Jesus often uses phrases or even single words to allude to teachings in the Old Testament. He could do this because he lived in a biblically knowledgeable Jewish culture. People were familiar with the Old Testament scriptures, because they lived in an oral culture in which people learned the text largely by heart.
Jesus’ culture also had the habit of public discussion about the Bible. Traveling rabbis would teach in each village, and the town’s conversation would revolve around Scripture and the latest teaching. As odd as it sounds to us, many cultures throughout world history have put religion in the center of public culture, so that people are widely literate about religious matters. It has only been in the twentieth century that many societies have become publicly secular, and people ignorant about faith issues.
So Jesus, like others, had a sophisticated teaching style that expected his audience to be familiar enough with the scriptures that they knew the references he was making. By knowing the reference, people would know the entire context and hear more complex ideas behind his words. He wasn’t hiding secret messages — actually, he expected people to catch his allusions. In medieval times, the Jews referred to this technique of hinting as “Remez,” but the practice predated Jesus.
We actually do the same thing today. When a headline says “War in Afghanistan May Be Another Vietnam,” it is assuming that everyone knows the history of the Vietnam War. Without saying anything but the word “Vietnam,” people immediately know the reference and have an emotional reaction to that difficult time in US history.
Or, when we refer to a government scandal as “Travel-gate” or “File-gate” we are subtly alluding to the Watergate scandal. Just by adding that half word, we hint that the issue is a major White House scandal that will cast a shadow over the presidency. Even in the last sentence, you need to know which white house I am talking about! These allusions are a way of quickly referring to common cultural knowledge.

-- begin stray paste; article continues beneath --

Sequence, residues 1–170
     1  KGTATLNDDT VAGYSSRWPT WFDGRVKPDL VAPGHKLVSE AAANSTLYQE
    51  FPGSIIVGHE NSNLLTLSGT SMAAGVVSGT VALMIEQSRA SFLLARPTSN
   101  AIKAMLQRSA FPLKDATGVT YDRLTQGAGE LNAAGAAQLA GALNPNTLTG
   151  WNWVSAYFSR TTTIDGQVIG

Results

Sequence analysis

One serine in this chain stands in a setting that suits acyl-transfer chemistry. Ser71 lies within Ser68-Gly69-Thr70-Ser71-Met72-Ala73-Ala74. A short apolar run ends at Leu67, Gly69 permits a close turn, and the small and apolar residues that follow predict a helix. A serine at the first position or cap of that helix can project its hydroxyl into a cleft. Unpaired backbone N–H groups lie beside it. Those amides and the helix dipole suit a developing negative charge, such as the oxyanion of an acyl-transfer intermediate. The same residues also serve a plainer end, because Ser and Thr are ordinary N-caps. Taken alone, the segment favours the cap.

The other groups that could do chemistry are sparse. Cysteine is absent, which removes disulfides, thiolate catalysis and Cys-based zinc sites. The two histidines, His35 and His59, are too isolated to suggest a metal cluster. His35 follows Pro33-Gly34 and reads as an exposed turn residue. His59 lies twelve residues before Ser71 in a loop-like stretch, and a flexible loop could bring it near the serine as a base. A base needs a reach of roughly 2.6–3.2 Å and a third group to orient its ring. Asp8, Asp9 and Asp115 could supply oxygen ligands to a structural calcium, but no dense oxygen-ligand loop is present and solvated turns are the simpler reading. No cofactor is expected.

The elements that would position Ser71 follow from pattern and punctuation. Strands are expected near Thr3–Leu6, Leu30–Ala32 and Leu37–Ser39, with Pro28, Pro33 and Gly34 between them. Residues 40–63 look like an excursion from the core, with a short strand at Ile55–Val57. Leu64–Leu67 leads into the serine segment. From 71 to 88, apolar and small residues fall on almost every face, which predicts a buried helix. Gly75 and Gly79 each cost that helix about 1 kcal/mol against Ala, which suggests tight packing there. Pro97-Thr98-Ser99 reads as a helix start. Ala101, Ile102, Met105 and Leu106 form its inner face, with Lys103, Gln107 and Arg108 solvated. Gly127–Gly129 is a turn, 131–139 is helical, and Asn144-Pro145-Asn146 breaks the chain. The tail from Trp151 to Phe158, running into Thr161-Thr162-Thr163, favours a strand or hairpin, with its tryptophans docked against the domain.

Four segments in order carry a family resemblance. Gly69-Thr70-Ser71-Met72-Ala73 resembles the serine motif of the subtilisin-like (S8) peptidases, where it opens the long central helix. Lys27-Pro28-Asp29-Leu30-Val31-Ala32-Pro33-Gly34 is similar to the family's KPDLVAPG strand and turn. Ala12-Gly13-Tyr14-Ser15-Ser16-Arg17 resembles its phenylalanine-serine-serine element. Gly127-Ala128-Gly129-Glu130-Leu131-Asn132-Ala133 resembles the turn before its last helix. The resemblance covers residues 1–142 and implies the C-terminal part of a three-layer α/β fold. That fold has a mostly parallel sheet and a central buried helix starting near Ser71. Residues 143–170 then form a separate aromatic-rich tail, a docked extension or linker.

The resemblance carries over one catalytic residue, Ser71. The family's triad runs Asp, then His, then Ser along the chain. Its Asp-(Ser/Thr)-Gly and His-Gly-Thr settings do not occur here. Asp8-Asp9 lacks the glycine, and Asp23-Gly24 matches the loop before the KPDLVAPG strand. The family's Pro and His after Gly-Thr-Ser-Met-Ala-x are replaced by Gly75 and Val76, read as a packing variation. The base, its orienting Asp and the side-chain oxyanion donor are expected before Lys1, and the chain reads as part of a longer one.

We can find many, many of these in the gospels. Here’s one passage from Mark where Jesus uses this technique:
He entered the temple and began to drive out those who were buying and selling in the temple, and overturned the tables of the money changers and the seats of those who were selling doves; and He would not permit anyone to carry merchandise through the temple. And He began to teach and say to them, “Is it not written, ‘my house shall be called a house of prayer for all the nations‘? But you have made it a robber’s den.” (Mark 11:15 -17)
Jesus is using two quotes from the Old Testament prophets about the Temple. One is “my house will be called a house of prayer for all nations” which comes out of a text from Isaiah 56:
Also the foreigners who join themselves to the LORD,
To minister to Him, and to love the name of the LORD,
To be His servants, every one who keeps from profaning the Sabbath
And holds fast My covenant;
Even those I will bring to My holy mountain
And make them joyful in My house of prayer.
Their burnt offerings and their sacrifices will be acceptable on My altar;
For My house will be called a house of prayer for all the nations. (Is. 56:6-7)
The other comes from Jeremiah 7: